FIG. 3 shows a bottom view of the retractable feet, while FIG. 4 shows a sectional view taken along plane A--A. Three retractable feet 5, 6, 8, have a rectangular shape and are juxtaposed side by side along the longitudinal axis A--A. The length L of the feet 5, 6, 8 is , preferably, a couple of centimeters less than the cubicle width. The feet are provided with grooves similar to groove 9 and have a suitable width (e.g. 10 mm.). The grooves extend along the periphery of the feet but are slightly less than the dimensions of the feet. On the side of the feet intended to contact the floor, the grooves are typically surrounded by a seat 10 of suitable width (e.g. 20 mm.) and have suitable depth of about 5 mm. The feet are also preferably about 15 mm. thick. Each foot is fixed to the frame bottom by means of cylindrically headed screws (e.g. 11, 12 for foot 6) which pass through opening 9 and screw into bottom 15. The pair of screws 11, 12, are arranged for each foot on either side of the longitudinal axis, alternating so that alternate feet can be extended in different lateral directions. For example in FIG. 3, feet 5 and 6 can move to the right and foot 8 to the left. The movement of each foot is completely independent from each other and therefore permits the most advantageous configuration, and thus assures the stability of the frame or of a system comprised of several juxtaposed frames. The bearing structure is completed, for aesthetic reasons, by a front socket 13 and a back socket 14 rigidly fixed to the frame bottom and having a thickness equal to one of the feet.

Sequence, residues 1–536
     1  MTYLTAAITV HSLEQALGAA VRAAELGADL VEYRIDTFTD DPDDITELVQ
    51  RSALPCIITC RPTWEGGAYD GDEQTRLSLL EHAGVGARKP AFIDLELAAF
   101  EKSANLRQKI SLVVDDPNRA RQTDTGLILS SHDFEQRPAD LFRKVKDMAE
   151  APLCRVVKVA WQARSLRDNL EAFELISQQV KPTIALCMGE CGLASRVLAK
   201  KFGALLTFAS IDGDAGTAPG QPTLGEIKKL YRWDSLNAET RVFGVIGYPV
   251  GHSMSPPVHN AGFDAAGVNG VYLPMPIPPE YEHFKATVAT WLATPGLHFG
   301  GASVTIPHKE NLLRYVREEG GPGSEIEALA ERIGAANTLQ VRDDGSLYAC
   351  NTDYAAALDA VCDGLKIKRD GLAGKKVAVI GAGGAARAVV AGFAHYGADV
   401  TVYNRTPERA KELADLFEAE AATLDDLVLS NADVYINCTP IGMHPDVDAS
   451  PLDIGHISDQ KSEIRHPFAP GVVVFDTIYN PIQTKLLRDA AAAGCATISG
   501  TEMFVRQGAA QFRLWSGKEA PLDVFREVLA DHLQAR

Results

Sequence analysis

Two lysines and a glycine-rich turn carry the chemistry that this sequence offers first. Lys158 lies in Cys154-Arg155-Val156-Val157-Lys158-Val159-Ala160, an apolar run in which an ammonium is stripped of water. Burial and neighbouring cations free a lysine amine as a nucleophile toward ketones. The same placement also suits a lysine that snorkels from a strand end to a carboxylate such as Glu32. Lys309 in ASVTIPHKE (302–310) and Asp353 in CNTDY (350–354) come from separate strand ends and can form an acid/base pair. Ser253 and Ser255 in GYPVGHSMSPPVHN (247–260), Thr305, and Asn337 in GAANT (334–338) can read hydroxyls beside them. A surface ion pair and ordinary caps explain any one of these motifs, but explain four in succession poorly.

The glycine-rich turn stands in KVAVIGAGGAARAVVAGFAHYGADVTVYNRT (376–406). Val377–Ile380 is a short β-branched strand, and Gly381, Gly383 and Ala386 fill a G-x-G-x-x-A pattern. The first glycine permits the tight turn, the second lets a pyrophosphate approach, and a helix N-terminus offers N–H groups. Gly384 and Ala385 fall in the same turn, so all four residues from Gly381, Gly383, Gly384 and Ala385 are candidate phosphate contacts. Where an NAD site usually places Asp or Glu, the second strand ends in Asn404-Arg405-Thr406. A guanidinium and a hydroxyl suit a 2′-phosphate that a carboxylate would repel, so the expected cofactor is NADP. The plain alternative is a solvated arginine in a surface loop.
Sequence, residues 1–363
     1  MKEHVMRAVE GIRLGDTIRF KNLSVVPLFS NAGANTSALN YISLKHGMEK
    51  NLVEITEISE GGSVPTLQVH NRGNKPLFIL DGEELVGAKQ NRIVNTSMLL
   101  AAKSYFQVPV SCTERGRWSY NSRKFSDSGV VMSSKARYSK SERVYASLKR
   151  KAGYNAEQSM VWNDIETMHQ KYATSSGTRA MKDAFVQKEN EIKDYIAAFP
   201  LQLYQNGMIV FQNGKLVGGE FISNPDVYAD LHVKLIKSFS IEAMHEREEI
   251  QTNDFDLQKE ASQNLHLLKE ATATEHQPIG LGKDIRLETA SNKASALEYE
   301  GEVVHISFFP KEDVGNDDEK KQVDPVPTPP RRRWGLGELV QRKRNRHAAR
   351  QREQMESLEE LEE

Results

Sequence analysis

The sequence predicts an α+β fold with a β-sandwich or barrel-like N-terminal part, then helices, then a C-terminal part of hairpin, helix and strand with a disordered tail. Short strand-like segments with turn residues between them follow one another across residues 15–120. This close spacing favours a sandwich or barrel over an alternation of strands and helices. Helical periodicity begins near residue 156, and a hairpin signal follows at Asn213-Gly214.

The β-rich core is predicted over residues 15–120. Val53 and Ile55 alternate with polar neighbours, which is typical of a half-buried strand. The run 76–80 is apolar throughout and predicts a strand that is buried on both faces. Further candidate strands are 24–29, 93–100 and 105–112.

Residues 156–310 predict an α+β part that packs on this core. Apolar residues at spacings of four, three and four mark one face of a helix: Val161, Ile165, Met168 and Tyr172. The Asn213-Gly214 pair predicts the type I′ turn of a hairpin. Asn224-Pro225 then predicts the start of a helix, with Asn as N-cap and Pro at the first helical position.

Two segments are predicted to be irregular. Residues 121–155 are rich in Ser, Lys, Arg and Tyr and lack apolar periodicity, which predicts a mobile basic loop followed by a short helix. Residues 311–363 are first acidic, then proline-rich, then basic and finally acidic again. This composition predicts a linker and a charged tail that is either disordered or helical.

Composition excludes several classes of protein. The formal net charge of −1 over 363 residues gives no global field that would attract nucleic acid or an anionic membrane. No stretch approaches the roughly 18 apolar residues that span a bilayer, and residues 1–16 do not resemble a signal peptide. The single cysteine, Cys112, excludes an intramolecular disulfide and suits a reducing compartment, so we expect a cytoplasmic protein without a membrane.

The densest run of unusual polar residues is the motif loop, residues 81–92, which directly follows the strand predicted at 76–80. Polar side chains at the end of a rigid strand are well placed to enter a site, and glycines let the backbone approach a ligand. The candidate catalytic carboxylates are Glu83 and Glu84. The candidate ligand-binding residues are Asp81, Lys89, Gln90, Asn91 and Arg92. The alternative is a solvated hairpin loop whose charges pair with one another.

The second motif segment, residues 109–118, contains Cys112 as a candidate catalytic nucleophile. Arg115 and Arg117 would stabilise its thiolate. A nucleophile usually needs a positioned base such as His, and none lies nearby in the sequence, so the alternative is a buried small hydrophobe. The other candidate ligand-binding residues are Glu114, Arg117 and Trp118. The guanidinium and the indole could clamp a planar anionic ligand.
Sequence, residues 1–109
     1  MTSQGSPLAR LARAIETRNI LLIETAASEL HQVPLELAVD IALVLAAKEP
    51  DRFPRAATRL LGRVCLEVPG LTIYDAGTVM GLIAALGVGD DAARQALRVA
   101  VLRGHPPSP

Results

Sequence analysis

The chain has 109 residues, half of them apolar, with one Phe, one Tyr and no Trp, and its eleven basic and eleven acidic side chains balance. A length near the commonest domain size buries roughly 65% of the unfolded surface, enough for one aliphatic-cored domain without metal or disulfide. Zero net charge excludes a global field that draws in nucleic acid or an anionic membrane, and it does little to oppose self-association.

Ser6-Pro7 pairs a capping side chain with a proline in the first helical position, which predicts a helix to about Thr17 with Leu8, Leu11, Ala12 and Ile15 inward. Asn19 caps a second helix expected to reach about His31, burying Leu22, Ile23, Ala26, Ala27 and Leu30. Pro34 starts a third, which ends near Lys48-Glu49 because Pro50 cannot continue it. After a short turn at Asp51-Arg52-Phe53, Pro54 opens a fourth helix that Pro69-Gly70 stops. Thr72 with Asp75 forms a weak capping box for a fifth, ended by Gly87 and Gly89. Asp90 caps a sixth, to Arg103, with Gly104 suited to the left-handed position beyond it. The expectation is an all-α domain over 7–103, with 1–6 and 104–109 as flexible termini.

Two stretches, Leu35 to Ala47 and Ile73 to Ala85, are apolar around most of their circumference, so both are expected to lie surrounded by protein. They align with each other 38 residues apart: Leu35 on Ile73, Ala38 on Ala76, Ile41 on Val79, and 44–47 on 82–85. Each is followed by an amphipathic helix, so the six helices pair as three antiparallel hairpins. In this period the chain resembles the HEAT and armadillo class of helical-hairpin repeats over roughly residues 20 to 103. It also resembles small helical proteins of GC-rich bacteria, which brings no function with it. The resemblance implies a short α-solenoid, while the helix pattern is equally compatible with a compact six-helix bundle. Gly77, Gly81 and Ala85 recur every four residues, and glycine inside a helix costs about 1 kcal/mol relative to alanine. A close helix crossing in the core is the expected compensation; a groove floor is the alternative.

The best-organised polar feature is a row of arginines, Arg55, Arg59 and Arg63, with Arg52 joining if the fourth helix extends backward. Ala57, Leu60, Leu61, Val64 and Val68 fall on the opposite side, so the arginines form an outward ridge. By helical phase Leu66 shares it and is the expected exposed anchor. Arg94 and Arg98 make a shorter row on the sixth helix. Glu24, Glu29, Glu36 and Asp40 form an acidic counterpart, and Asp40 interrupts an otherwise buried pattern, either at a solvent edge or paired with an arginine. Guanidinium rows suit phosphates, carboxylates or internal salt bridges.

FIGS. 5, 6, 7 schematically show, in plan view, typical arrangements of the bearing feet relative to the frame plan and to the different installation needs. In FIG. 5 all the feet are laterally shifted for installation of the frame in an open space. In FIG. 6 only feet 5 and 6 are laterally shifted from one side for installation of the frame next to a vertical wall 16. In FIG. 7 two frames 17, 18 are juxtaposed to comprise a system. The frame juxtaposition is possible because the feet are interleaved with one another. Feet 5 and 6 of frame 17 are aligned with side 1, in order that feet 19 and 20 of frame 18 can be slightly laterally-shifted and inserted under frame 17. Foot 8 of frame 17 is laterally shifted slightly in order to be inserted under frame 18 and partially fit in between feet 19 and 20. To obtain this interleaving without having the feet extending beyond the perimeter of the frames, it is necessary that the foot length is slightly shorter than the frame width, typically by about 2 cm. This kind of system can be installed in an open space as well as next to a wall. It is obvious that in the case of open space installation the bearing surface can be increased when the feet are moved completely outward. The bearing feet of the disclosed embodiment can be advantageously used to comprise a unitary system by the composition of several modules and by utilizing a common cover. FIG. 2 shows such a system of two modules provided with a common cover.